for a book where a man gets his face ripped off by a lion, another is beheaded by a crocodile, an entire harbor is set on fire, and we hang out with the literal king of england, this book is relentlessly, incredibly, mercilessly boring. I wanted so badly to like it - history! tall ships! royals! adventure! - but good grief; it's like slogging through treacle. stick with aubreyad.
D.J. Butler
There's a lot of Napoleonic-era naval fiction out there, some of it world-class literature. This rousing adventure tale, awash in Dutch colonizers, African kings, French intrigue, dastardly knights of Malta and perfidious Irishmen turned Turk, is set a century earlier, in the time of Charles II. Captain Matthew Quinton -- who may or may not be heir to the earldom of Ravensden, depending on the outcome of his brother's marriage to a known conniver and suspected murderess -- sails with mixed feeli ...more
Curtis Rhodes
Apr 05, 2012 Curtis Rhodes rated it liked it
Now, I'm a big fan of Patrick O'Brien and the wonderful adventures of Jack Aubrey on his ship The Surprise as they sailed the seas during the Napoleonic years and so this book, whose cover even looks like one of O'Brien's books, had a lot to live up to. I'm sorry to say that I didn't find this book had quite the same beautifully written mix of amazing characters and sense of actually being aboard a man of war as when I sailed with Captain Jack. The Mountain of Gold and this hero, Matthew Quinton ...more
Three, but a high three.

Good things about the first two Matthew Quinton books: interesting period, lively prose, liberal use of the word "whipstaff", properly proofed manuscripts which make the reading experience easier. Also some humor.

Things that could be improved: stories are a little thin, characters are not very well developed.

Will I read the next one? Yes I will.
Jun 03, 2012 Emily rated it really liked it  ·  review of another edition
I just checked this out of the liebrary and my book has a diffrent look then what this one is. I am enjoying this book, the chapters are a tad long but I am on chapter 4 going into five. I am almost half way through this book and it is very good. I do think you need to know a little of old English hummar to understand some of the book. But over all the chapters are very interesting and so I am loving it.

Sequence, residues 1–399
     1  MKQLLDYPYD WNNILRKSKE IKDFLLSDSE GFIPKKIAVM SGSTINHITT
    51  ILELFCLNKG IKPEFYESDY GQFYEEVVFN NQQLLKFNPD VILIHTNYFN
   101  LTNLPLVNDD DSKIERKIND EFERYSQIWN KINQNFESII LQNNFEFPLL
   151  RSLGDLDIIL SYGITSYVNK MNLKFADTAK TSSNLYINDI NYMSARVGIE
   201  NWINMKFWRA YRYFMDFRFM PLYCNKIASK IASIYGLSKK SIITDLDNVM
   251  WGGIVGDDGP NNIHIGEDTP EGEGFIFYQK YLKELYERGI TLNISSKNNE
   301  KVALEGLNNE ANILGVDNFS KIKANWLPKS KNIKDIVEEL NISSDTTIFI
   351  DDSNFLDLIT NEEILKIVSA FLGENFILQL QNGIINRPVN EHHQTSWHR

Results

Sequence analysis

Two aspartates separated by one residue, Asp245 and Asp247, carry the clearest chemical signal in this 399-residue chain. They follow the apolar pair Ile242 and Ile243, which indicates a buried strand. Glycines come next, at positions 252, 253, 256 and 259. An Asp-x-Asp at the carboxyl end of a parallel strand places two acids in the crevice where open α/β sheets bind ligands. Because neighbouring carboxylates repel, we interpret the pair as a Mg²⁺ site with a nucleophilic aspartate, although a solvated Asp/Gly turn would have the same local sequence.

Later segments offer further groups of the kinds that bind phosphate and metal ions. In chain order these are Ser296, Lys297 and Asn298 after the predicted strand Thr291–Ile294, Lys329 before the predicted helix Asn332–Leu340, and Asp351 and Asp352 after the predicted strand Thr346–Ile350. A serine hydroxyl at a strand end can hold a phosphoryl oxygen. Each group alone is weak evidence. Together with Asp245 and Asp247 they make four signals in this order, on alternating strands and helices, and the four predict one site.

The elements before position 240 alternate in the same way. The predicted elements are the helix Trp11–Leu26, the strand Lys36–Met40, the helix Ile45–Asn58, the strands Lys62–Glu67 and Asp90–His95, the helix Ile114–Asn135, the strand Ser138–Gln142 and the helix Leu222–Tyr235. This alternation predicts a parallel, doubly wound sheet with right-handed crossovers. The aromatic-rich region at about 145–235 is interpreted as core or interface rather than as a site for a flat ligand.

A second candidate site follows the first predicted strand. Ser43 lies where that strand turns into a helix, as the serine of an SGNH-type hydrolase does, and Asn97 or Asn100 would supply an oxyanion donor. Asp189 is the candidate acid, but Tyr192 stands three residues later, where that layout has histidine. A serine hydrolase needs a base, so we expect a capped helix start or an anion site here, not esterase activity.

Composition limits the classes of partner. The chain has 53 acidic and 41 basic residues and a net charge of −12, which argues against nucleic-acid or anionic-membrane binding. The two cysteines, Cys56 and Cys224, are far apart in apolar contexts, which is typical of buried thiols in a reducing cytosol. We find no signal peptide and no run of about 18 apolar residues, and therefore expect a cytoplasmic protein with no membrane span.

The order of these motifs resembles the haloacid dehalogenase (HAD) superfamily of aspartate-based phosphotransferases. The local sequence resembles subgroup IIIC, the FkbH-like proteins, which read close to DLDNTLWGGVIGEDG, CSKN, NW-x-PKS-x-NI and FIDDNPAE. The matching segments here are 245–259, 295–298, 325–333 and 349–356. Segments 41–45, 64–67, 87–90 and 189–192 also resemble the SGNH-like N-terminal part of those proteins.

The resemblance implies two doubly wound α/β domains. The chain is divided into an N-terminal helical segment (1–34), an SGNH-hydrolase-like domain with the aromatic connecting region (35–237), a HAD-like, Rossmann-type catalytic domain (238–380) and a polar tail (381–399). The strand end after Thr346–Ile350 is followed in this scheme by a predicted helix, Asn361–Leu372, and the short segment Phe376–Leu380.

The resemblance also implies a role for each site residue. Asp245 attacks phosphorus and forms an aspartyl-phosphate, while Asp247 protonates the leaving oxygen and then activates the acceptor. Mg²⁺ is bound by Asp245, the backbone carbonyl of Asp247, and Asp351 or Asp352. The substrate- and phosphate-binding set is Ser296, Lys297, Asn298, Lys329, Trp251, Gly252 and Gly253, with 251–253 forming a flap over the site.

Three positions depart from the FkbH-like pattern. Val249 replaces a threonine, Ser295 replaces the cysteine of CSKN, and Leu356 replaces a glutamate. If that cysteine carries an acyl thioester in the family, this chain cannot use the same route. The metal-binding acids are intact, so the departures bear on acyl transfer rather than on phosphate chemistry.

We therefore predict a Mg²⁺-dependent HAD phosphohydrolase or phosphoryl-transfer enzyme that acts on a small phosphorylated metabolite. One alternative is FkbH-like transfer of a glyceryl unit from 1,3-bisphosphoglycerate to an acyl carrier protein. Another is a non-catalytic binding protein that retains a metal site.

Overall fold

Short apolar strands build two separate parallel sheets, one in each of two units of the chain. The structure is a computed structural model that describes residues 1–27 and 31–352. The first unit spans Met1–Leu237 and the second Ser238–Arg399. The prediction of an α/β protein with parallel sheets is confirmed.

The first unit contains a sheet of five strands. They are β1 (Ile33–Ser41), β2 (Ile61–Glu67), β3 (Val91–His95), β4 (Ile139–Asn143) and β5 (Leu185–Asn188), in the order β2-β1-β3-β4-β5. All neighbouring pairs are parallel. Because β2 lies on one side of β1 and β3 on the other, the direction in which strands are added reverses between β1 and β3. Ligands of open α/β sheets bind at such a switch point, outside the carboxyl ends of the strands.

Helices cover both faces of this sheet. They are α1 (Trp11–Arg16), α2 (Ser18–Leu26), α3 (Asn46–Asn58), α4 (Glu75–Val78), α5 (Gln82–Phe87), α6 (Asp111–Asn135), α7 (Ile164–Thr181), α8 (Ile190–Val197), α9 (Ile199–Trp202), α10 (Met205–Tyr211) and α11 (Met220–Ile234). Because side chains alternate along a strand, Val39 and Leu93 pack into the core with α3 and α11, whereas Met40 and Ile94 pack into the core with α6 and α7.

I loved this book. Very interesting and some humor considering the time period.
May 27, 2011 Rachel rated it it was ok
Shelves: ship-books
Ugh. Barely made it through. Skimmed the last 1/4. So bored. I think the first-person narrative was very limiting in a book that needed sweep and scope to hold my attention. Matt Quinton (whose name is great, anyway) bored my eyes out with his tactic of telling the reader he has an idea, and then not telling me what it is, until the reveal at the end of the chapter, when I think "Oh, so you didn't think what you said you thought. Whatever."
James Nelson
Oct 23, 2014 James Nelson rated it it was amazing  ·  review of another edition
Shelves: nautical-fiction
I enjoyed this book very much. Davies knows the Restoration period through and through, and it's not a period you often read about. He knows the seamanship aspects, too, and weaves a good, tight story.
Nick Jones
As others have said, not Patrick O'Brian. But nice to see the English Restoration period as the subject. Sentimentalizes too much on an intense subject, the beginning of the slave trade.
Not as thrilling as the first volume in this series. Too little derring-do that marks the genre. Also, mixture of 17th century mixed with contemporary usage made for a jarring experience.
Michael Rhode
Apr 28, 2015 Michael Rhode rated it liked it  ·  review of another edition
Shelves: own
A fun series set in the English Restoration, rather than the Napoleonic wars so the ships are smaller, and the Dutch are the enemy.
J.B. Siewers
interesting side plots and great descriptions of the 1660's England, and Europe/Africa
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Author of 'The Journals of Matthew Quinton', a series of naval historical fiction set in the Restoration period, and of non-fiction books including 'Pepys's Navy' and 'Blood of Kings'. Currently living in Bedfordshire, UK, but originally from Llanelli in West Wales.

More about J.D. Davies...

Other Books in the Series

The Journals of Matthew Quinton (5 books)
  • Gentleman Captain
  • The Blast that Tears the Skies (The Journals of Matthew Quinton, #3)
  • The Lion of Midnight  (The Journals of Matthew Quinton, #4)
  • The Battle Of All The Ages